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    Default Would paladins come from nobility?

    Just a thought, but seeing as paladins usually require plate armor (which is expensive on a realistic setting) aswell as usually have a warhorse (which is also expensive) it just doesn't make any sense to me how people of humble origins could be able to afford to be a paladin. I can see the son of a well-off merchant being a paladin but not that of a peasant.

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    Default Re: Would paladins come from nobility?

    depends. I love to create in depth histories for all of my characters, if I wanted my character to come from nobility then I would make him a noble, if I wanted him to come from anywhere else I would and I would find a way to explain it....but that's me.

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    Default Re: Would paladins come from nobility?

    Well, you're assuming that the paladin got all his wealth from his family. Historically, this is not always the case.

    Take the instance of the Crusades. It was not unheard of for poor villages to pool their resources to outfit one of their own with arms and armor, to send them on a pilgrimage (as that's officially what crusaders were: pilgrims) to carry the sins of the entire village to a a holy site (like the Church of the Holy Sepulcher in Jerusalem)

    So, your Paladin could get his fancy armor from the faithful in his community, outfitted to show their devotion to their patron deity. As for the war horse, well, the Paladin gets a divine one for free :)

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    Default Re: Would paladins come from nobility?

    Many of them perhaps, and the default fluff seems to indicate this.
    Personally I think a lot of adventurers period come from nobility, albeit minor non-inheriting sons and daughters who are used to the comforts of wealth, have the funds to buy the equipment, but can't be assured of this continuing.
    That being said, I like to subvert fluff in small ways.
    An archer paladin who born of freeborn peasants, a family man, is something I've always wanted to try.
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    Default Re: Would paladins come from nobility?

    Quote Originally Posted by paladinofshojo View Post
    Just a thought, but seeing as paladins usually require plate armor (which is expensive on a realistic setting) aswell as usually have a warhorse (which is also expensive) it just doesn't make any sense to me how people of humble origins could be able to afford to be a paladin. I can see the son of a well-off merchant being a paladin but not that of a peasant.
    If we divorce the Paladin image from the Knight image a little... what makes a Paladin different from a fighter, in my eyes is, primarily, their divine calling. And I see no reason why more nobles should be called upon by the Heavens than peasants. Sure, they might not charge evil on their warhorses quite as often, but I see no reason why you can't smite an imp with a warscythe instead.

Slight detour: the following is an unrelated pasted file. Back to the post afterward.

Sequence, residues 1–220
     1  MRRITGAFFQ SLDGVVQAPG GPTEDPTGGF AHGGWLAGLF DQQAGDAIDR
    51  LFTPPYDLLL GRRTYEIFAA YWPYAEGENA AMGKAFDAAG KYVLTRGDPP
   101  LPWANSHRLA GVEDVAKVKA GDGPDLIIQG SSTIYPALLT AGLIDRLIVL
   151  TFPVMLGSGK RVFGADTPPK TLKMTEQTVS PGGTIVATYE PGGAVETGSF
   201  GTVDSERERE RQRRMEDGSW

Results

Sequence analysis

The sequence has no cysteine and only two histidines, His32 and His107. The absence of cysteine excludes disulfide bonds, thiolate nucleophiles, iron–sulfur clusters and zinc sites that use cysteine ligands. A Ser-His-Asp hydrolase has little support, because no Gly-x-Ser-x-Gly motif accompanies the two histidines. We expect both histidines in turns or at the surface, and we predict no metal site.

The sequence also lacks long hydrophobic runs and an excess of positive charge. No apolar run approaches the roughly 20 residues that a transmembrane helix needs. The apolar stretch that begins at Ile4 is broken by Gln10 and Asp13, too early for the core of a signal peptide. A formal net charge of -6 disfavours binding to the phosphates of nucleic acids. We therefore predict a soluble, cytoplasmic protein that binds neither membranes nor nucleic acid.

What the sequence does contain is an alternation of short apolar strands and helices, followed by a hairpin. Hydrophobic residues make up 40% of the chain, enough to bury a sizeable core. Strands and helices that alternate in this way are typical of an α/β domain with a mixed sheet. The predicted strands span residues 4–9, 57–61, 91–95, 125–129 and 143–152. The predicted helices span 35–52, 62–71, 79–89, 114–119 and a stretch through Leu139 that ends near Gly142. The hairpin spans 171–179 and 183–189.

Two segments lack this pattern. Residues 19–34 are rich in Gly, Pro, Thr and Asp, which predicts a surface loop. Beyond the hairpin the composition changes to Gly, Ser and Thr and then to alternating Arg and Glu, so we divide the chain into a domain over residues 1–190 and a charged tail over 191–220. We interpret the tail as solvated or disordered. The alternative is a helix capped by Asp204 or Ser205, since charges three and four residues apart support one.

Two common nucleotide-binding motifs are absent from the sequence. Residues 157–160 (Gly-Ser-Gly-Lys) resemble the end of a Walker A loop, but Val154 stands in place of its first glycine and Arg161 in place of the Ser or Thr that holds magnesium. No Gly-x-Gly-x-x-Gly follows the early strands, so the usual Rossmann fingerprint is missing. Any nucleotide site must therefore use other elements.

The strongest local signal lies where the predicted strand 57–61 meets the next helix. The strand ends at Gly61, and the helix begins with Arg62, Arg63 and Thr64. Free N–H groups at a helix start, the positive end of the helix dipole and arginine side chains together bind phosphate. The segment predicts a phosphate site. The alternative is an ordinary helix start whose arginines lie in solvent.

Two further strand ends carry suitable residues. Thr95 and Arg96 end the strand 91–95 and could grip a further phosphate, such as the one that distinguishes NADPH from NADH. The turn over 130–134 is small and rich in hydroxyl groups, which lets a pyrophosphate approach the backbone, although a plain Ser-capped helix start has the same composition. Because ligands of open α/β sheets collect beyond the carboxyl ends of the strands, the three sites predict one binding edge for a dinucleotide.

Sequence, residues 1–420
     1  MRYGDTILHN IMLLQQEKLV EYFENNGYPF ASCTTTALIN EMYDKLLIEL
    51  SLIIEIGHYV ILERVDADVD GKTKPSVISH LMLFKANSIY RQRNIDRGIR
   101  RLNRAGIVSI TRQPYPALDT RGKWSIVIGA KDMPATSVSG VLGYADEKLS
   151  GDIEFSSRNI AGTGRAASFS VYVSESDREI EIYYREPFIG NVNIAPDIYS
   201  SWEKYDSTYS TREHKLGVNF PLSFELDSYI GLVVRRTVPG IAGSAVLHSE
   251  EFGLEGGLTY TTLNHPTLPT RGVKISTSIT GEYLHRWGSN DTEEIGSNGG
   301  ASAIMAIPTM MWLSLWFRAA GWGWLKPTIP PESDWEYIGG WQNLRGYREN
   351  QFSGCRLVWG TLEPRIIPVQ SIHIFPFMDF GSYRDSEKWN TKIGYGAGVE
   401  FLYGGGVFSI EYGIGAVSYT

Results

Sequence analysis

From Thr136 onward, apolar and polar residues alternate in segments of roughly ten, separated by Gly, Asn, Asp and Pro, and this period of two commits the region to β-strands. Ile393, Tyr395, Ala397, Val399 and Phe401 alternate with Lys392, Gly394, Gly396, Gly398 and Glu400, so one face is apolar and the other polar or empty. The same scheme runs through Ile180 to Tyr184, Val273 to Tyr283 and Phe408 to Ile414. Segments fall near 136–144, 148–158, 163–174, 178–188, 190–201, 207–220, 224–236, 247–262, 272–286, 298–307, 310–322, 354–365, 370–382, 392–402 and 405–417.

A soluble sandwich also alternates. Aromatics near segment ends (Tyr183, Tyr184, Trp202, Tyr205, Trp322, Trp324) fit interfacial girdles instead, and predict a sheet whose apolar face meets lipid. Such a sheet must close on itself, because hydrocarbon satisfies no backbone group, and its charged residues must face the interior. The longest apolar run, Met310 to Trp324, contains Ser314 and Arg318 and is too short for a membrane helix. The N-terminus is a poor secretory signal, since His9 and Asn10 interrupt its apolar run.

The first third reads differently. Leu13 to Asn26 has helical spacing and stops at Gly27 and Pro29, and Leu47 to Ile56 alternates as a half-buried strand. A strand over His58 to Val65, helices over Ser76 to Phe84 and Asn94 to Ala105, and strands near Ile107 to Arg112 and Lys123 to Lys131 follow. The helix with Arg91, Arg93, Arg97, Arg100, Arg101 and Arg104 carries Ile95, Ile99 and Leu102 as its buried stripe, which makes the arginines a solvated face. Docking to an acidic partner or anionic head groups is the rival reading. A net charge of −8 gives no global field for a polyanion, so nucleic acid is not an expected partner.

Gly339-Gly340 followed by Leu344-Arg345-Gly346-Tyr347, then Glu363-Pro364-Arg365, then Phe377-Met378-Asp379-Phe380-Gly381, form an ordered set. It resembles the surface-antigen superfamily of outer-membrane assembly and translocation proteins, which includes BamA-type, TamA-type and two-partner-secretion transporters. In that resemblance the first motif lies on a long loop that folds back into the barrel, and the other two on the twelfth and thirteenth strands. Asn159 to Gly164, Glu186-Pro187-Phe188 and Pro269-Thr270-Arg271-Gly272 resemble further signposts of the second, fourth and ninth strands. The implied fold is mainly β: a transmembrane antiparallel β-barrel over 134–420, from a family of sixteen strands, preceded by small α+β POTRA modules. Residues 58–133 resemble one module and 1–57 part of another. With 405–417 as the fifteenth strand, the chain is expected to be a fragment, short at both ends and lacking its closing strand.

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    Default Re: Would paladins come from nobility?

    I think the theory is that a Paladin is usually supplied by their church or order. The real world equivalent (in infrastructure terms, if not in general morality) would be the Knights Templar and other military orders, who received donations from various wealthy families with the encouragement of the Catholic Church.

    That said, yes, a lot of them were the offspring of noble houses, generally second or greater sons who didn't stand to inherit. Look at it this way- a peasant's livelihood depends on getting a certain amount of work done. Realistically, by the time the child's old enough to enter a holy order, they're working full time in the fields. Peasants often can't afford to send their children away to serve the church without risking slipping further into poverty because of not being able to bring in the harvest. On the other hand, if you're a wealthy family, you train your first son to manage the estate when he inherits, perhaps the second son to command his military forces or help with the management, and you marry off the daughters (IRL Europe- substitute genders as needed for your campaign setting) but then you've got however many left (and there'll often be a surplus, because child mortality is high enough that you have lots to ensure that at least some survive to adulthood) who stand no chance of inheriting, and at best if they remain home can look forward to a life of dependency on their older siblings.

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    Default Re: Would paladins come from nobility?

    I tend to use the "invest in orphans" plan for Paladins. Like Miko or the paladin character from the Baker's Boy series, orphans that are effectively bought as children to be turned into priests/paladins/etc.
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    Default Re: Would paladins come from nobility?

    Quote Originally Posted by Eldan View Post